Messi's stats have elevated Inter Miami: Can MLS stop him?

Are you only as good as your worst player, or are you only as bad as your best player? These are the two sides of a nerdy debate about how soccer works that's been simmering among weirdos like me for the past decade.

On the side of the first question, we have the authors of "The Numbers Game," Chris Anderson and David Sally. In their book, they put forth the "weak-link theory" of soccer: that the qualities of each individual player don't just get added up and divided by 11 to produce an aggregate of team performance, but rather that the qualities multiply with each other. So, great players make other great players even greater, while bad players can make great players average. One hundred multiplied by zero is, well, zero.

Through various analyses, Anderson and Sally found that improving your best player by 10% will roughly result in a five-point improvement from season to season. Except, they found that improving your worst player by 10% will lead to a nine-point improvement. If you believe that soccer teams are complex systems -- a multi-dimensional interplay between 11 players making thousands of decisions across every 90-minute match -- then the logic makes sense.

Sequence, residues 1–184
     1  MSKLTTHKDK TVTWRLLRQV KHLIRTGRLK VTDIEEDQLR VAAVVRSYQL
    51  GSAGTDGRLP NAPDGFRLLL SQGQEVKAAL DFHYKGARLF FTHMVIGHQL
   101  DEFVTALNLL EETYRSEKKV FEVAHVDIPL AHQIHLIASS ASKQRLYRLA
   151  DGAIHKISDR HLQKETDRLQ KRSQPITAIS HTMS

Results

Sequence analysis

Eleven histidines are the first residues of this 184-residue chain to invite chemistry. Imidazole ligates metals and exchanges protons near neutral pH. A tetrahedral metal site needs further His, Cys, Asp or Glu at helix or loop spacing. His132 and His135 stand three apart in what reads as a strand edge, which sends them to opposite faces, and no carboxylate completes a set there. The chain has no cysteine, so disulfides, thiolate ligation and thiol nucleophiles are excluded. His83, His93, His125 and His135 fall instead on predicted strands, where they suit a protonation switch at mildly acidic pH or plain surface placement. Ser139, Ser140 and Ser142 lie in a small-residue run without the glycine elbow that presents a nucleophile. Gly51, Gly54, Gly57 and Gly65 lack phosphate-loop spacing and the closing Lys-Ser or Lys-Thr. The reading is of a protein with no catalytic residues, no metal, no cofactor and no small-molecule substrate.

However, if you've watched Lionel Messi play for Inter Miami CF, then that logic makes no sense. Arguably the best soccer player in the world joined what was inarguably the worst soccer team in MLS, and they've outscored their opponents 25-11, won the Leagues Cup and remain undefeated through Messi's eight games with the club.

This all raises an interesting strategic question that's rarely applied to soccer. In the NFL or the NBA, you'll often hear about or see teams doing everything they can to shut down one star player, whether it be a receiver or a star scorer. "We're going to make someone else beat us," coaches say. Given its dynamic nature, soccer doesn't really work like that, but considering how much better Messi is than everyone else, should an MLS team try to completely neutralize Messi at the expense of protecting against all of his teammates?

And if they did, what might it look like?